As with all historical fiction, this version fills in a lot of gaps that we will never know, making events more dramatic or directed by malevolent intelligence, but it is an interpretation that is entirely plausible. This is the artist's license, and Graves was such a scholar that we can trust it. Moreover, it never crosses the line in melodrama or the maudlin.

    The story takes place at the end of the Republic. Julius Caesar is gone, and after a power struggle, Octavian (soon renamed Augustus) has emerged with his hands firmly on the reigns of power. It is one of those watershed moments, in which an entire new way of governance is invented. While not quite an hereditary monarchy, the Roman Emperor must designate an heir to his absolute power, which resides in the hands of two linked families: the Julians and the Claudians. Who will succeed Augustus is the crux of the story. Claudius, deformed, stuttering, and apparently feeble-minded, appears as the least likely successor. However, the candidates around Augustus keep dying in mysterious ways. Then when successors are chosen, they lack not only the moderation of the conservative Augustus, but lack his truly masterful political instinct of maintaining certain social balances. The result is drift, unimaginable autocratic cruelty, and the final destruction of the old oligarchic ruling classes, paving the way for an entirely new class of politicians to arise. Amidst the most brutal manipulation and machination, Claudius finally has his turn, with very surprising results. It is a wonderful study in absolute power and its corrupting influence.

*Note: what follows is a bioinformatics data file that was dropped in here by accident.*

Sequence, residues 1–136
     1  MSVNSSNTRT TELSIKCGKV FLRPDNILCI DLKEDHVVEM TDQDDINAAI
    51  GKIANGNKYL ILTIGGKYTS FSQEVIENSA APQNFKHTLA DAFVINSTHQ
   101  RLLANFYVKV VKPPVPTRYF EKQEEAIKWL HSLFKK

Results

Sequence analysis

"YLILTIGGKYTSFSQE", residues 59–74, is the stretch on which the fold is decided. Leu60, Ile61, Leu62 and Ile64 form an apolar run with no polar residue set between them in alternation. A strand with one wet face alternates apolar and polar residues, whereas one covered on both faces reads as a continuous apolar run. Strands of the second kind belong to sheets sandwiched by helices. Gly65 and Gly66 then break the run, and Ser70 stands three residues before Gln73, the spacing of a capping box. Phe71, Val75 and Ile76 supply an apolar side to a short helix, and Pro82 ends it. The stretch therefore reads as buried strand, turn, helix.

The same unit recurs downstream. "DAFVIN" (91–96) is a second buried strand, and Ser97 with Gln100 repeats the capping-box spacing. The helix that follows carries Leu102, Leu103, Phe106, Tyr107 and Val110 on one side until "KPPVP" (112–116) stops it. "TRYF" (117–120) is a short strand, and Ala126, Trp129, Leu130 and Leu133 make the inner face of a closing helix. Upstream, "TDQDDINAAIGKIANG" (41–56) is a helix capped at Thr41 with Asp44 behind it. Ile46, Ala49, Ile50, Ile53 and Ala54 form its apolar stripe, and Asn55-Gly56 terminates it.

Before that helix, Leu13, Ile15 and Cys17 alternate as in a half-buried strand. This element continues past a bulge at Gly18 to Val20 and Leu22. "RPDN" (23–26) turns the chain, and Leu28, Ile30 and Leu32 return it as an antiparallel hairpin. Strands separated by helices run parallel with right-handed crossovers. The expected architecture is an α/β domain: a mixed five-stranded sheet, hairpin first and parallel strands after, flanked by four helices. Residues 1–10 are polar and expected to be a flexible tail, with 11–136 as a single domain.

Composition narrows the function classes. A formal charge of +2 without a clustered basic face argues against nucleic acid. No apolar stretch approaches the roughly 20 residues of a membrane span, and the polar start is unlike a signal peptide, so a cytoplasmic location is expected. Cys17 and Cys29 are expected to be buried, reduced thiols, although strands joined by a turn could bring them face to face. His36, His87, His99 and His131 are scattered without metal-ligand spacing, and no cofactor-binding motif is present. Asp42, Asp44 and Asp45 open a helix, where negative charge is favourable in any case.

Many reviewers have criticized the copy. Upon viewing it, I must say that it is fine. The problem is that it was shot in the mid-1970s, which was a less technically adept time, and as a BBC production, it is lower budget that current viewers expect. Sure, some of the effects look chinsey, but the drama is so overpoweringly excellent that I cannot fault this.